In 1971, INTEL Corporation released the world’s first microprocessor, named the INTEL 4004, a 4-bit microprocessor. It addresses 4096 memory locations of word size 4-bit. The instruction set consists of 45 different instructions. It is a monolithic IC employing large-scale integration in PMOS Technology. The INTEL 4004 was soon followed by a variety of microprocessors, with most of the major semiconductor manufacturers producing one or more types.
1. First Generation Microprocessors: The microprocessors introduced between 1971 and 1973 was the first generation processors. They were designed using PMOS technology. This technology provided low cost, slow speed, and low output currents and was not compatible with TTL (Transistor-Transistor Logic) levels.
The first-generation processors require a lot of additional support from ICs to form a system. They may require as high as 30 ICs to form a system. The 4-bit processors are provided with only 16 pins, but 8-bit and 16-bit processors are provided with 40 pins. Due to the limitations of pins, the signals are multiplexed.
2. Second Generation Microprocessors: The second-generation microprocessors appeared in 1973 and were manufactured in NMOS Technology. The NMOS technology offers faster speed and higher density than PMOS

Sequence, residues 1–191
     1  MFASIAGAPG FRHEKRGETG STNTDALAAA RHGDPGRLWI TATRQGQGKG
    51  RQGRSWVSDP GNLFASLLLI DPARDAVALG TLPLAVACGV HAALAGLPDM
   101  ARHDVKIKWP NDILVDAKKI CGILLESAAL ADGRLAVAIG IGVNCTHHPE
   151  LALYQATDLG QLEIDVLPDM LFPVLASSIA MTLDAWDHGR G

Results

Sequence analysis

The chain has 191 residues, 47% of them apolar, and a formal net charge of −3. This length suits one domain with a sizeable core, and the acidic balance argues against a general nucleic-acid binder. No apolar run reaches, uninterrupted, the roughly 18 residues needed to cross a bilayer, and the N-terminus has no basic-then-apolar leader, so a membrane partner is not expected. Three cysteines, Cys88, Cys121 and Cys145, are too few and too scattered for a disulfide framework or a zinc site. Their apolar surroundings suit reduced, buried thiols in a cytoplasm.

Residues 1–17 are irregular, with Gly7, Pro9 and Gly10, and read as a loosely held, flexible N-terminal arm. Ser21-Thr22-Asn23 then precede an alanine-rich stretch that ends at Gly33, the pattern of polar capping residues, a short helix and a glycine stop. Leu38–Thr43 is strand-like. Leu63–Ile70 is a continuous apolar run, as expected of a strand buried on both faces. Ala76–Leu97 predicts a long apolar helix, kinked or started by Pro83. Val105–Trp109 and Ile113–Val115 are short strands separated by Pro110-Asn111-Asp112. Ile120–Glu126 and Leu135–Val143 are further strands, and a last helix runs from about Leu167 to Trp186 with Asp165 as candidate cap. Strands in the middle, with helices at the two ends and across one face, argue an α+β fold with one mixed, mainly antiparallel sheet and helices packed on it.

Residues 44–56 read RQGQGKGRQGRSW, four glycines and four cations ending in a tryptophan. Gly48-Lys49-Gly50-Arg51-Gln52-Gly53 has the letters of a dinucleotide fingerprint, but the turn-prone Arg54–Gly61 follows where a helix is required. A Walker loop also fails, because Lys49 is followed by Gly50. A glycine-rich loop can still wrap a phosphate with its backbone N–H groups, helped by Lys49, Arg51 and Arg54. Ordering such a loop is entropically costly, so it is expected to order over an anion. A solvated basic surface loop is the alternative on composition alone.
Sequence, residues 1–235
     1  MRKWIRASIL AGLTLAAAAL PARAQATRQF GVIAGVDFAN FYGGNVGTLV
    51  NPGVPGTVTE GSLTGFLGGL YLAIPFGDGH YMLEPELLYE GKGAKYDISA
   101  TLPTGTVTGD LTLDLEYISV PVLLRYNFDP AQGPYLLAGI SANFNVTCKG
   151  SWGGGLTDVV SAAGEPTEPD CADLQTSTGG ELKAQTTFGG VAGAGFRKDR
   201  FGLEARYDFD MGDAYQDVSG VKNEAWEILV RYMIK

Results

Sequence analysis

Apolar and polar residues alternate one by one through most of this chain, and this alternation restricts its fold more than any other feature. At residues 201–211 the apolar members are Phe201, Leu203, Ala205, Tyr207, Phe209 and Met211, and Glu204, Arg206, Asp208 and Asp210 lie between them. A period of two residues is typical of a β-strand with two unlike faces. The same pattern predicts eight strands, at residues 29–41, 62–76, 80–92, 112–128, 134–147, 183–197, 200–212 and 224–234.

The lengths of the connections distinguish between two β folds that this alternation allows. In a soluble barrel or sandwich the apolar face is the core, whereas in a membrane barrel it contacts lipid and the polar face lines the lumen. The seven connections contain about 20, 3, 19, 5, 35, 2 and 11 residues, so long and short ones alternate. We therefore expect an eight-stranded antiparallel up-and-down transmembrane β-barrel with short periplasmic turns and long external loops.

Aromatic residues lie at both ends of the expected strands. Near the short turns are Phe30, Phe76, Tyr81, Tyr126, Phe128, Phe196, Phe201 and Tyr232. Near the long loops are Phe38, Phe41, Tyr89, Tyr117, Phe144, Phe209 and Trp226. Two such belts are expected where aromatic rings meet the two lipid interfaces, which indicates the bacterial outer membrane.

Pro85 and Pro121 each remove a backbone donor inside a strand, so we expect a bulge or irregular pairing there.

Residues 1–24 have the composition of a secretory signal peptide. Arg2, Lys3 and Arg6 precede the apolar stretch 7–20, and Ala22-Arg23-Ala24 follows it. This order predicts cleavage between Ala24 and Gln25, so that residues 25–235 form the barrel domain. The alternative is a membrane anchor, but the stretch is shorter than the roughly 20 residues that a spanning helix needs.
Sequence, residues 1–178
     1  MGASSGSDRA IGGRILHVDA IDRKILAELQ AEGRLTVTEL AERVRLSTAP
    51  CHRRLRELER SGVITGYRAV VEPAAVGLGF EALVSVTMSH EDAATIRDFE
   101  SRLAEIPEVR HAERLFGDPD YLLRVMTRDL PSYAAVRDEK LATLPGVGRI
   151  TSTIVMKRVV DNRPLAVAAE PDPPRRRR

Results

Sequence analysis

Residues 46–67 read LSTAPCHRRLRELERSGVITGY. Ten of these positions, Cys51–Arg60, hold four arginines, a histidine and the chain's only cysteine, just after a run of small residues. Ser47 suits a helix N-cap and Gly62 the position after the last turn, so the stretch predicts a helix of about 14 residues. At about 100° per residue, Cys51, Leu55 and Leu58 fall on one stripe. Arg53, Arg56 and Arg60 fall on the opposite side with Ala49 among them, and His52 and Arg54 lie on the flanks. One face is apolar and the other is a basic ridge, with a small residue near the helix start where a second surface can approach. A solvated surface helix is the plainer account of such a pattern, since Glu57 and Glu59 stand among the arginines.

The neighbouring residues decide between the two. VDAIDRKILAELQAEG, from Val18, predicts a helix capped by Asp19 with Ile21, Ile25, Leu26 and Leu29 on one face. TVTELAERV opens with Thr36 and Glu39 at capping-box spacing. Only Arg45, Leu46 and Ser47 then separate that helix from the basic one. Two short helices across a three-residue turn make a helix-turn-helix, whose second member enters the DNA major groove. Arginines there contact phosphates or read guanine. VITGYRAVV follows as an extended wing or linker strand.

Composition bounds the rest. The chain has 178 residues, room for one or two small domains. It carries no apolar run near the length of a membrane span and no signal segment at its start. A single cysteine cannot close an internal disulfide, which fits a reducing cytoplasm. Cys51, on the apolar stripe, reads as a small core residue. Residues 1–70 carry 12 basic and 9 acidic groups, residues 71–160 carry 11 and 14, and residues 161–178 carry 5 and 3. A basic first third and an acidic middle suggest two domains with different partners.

and it is TTL compatible.
3. Third Generation Microprocessors: After 1978, the third generation microprocessors were introduced. These are 16-bit processors and designed using HMOS (High-density MOS) Technology.
4. Fourth Generation Microprocessors: The fourth-generation microprocessors were introduced in the year 1980. The fourth-generation processors are 32-bit processors and are fabricated using the low-power version of the HMOS technology called the HCMOS. These 32-bit microprocessors have increased sophistication that competes strongly with the mainframes.
5. Fifth Generation Microprocessors: In microprocessor technology, INTEL has taken a leading edge and is developing more and more new processors. The INTEL Pentium processor released in the year 1993 is considered a fifth-generation processor. The Pentium is a 32-bit processor with a 64-bit data bus and is available in a wide range of clock speeds from 60 MHz to 3.2 GHz. With the improvement in semiconductor technology, the processing speed of microprocessors has increased tremendously. The 8085 released in the year 1976 executes 0.5 Million Instructions Per Second (0.5 MIPS).